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How to Deal With Shame

woman feeling shame

"Shame, for women, is this web of unobtainable, conflicting, competing expectations about who we’re supposed to be. And it’s a straight-jacket" - Brene Brown.


Brene is my go to when I’m dealing with shame, my own in my head, or someone else’s in my therapy room. I wish I had discovered her years ago, I think about all the time wasted on feeling shame for things that were beyond my control, for choices that I made that in hindsight were perhaps not the best choice at the time but were the best I could do in that moment with what I had. What I have learned is that shame is linked with vulnerability.

I spent years being 'perfect' not allowing myself the freedom to be vulnerable. Unfortunately, this meant that of course I crashed and burned. It’s impossible to be perfect 100% of the time, it’s impossible to please everyone and never make a mistake.

Because I set myself up to be perfect when I did mess up, the results were an almost crippling sense of shame that threatened my very existence and felt as though every ounce of dignity that I fought so hard to retain was shredded and lost. In so many ways I am emotionally resilient. I have picked myself up from the floor many a time, but this was easier when I was being done to, when the pain I felt was not of my doing, when I was the victim in the situation.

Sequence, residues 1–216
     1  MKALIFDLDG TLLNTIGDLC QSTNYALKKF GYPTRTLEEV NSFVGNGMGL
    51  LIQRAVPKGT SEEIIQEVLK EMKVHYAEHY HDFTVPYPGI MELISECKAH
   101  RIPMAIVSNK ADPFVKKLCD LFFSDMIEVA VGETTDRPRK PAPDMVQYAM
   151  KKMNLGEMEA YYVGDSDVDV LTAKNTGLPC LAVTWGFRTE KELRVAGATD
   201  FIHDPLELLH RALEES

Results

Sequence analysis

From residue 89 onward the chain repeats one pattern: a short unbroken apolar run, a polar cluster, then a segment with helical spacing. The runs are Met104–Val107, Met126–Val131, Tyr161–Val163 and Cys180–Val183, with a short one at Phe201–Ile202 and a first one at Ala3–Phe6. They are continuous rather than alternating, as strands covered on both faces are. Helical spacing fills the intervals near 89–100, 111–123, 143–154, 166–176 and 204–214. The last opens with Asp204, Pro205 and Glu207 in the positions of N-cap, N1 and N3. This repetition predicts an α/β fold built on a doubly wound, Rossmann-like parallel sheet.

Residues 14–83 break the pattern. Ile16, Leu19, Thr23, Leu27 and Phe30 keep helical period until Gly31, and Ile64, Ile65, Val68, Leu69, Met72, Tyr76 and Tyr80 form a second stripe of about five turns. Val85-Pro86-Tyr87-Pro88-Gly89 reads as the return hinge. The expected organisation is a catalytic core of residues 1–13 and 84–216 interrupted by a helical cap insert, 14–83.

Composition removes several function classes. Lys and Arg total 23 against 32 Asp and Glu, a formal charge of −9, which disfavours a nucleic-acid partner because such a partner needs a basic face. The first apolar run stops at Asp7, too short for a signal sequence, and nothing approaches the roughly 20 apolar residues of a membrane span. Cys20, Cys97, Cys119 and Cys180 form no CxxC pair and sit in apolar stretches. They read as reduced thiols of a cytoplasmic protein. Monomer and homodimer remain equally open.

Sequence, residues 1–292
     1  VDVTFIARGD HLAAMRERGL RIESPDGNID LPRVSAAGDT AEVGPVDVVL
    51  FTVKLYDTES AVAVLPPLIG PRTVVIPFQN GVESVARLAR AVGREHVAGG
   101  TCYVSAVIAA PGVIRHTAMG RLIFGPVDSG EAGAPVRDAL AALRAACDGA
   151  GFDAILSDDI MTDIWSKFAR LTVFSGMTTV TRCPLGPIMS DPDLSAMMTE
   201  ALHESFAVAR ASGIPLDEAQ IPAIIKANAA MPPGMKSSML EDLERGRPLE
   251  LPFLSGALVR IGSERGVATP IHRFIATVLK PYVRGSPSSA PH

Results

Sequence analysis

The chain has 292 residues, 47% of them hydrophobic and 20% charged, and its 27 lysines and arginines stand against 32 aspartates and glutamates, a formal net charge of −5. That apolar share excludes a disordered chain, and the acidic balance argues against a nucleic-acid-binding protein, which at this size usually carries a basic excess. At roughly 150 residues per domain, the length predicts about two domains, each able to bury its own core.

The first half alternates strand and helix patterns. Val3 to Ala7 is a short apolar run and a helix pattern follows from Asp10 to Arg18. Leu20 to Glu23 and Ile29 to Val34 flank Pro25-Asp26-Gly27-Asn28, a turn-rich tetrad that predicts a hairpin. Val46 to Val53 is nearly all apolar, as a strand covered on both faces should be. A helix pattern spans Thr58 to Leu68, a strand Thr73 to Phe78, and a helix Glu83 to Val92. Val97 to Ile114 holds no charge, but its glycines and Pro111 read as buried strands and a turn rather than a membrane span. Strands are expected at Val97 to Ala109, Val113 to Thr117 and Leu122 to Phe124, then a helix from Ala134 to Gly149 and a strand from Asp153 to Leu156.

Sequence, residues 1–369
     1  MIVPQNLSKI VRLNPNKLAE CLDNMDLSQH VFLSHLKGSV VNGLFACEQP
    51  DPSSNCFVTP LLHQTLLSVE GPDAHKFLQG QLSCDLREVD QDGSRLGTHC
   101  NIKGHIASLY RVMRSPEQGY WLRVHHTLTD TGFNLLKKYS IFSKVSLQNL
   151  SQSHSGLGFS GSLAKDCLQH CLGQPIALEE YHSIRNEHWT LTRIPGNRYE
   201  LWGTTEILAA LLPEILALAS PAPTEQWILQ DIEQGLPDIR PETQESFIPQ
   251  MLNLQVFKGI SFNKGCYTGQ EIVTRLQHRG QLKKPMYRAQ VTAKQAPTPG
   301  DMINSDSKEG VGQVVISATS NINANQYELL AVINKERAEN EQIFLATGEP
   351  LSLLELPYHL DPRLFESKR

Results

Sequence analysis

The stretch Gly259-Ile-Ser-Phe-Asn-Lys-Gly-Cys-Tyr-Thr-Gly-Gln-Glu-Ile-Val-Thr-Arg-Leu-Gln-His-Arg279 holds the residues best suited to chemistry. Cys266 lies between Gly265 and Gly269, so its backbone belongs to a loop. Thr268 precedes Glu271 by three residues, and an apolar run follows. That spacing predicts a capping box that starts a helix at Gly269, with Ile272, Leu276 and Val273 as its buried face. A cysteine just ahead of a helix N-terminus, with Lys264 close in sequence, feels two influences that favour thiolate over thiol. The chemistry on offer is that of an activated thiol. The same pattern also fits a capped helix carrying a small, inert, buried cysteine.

There was no shame for me in being a victim, I could rage, I could call people out, I could lick my wounds, talk about oppression if i wanted to, politicize the situation.

When I was the one in the wrong that I couldn't bear. That would lead me to hide away, to push people away. I don't make mistakes, it’s not OK for me to mess up. I was my harshest critic and if anyone questioned me my shame came out as anger. Tears of course are for the weak, and I am not weak! I am strong and independent and empowered.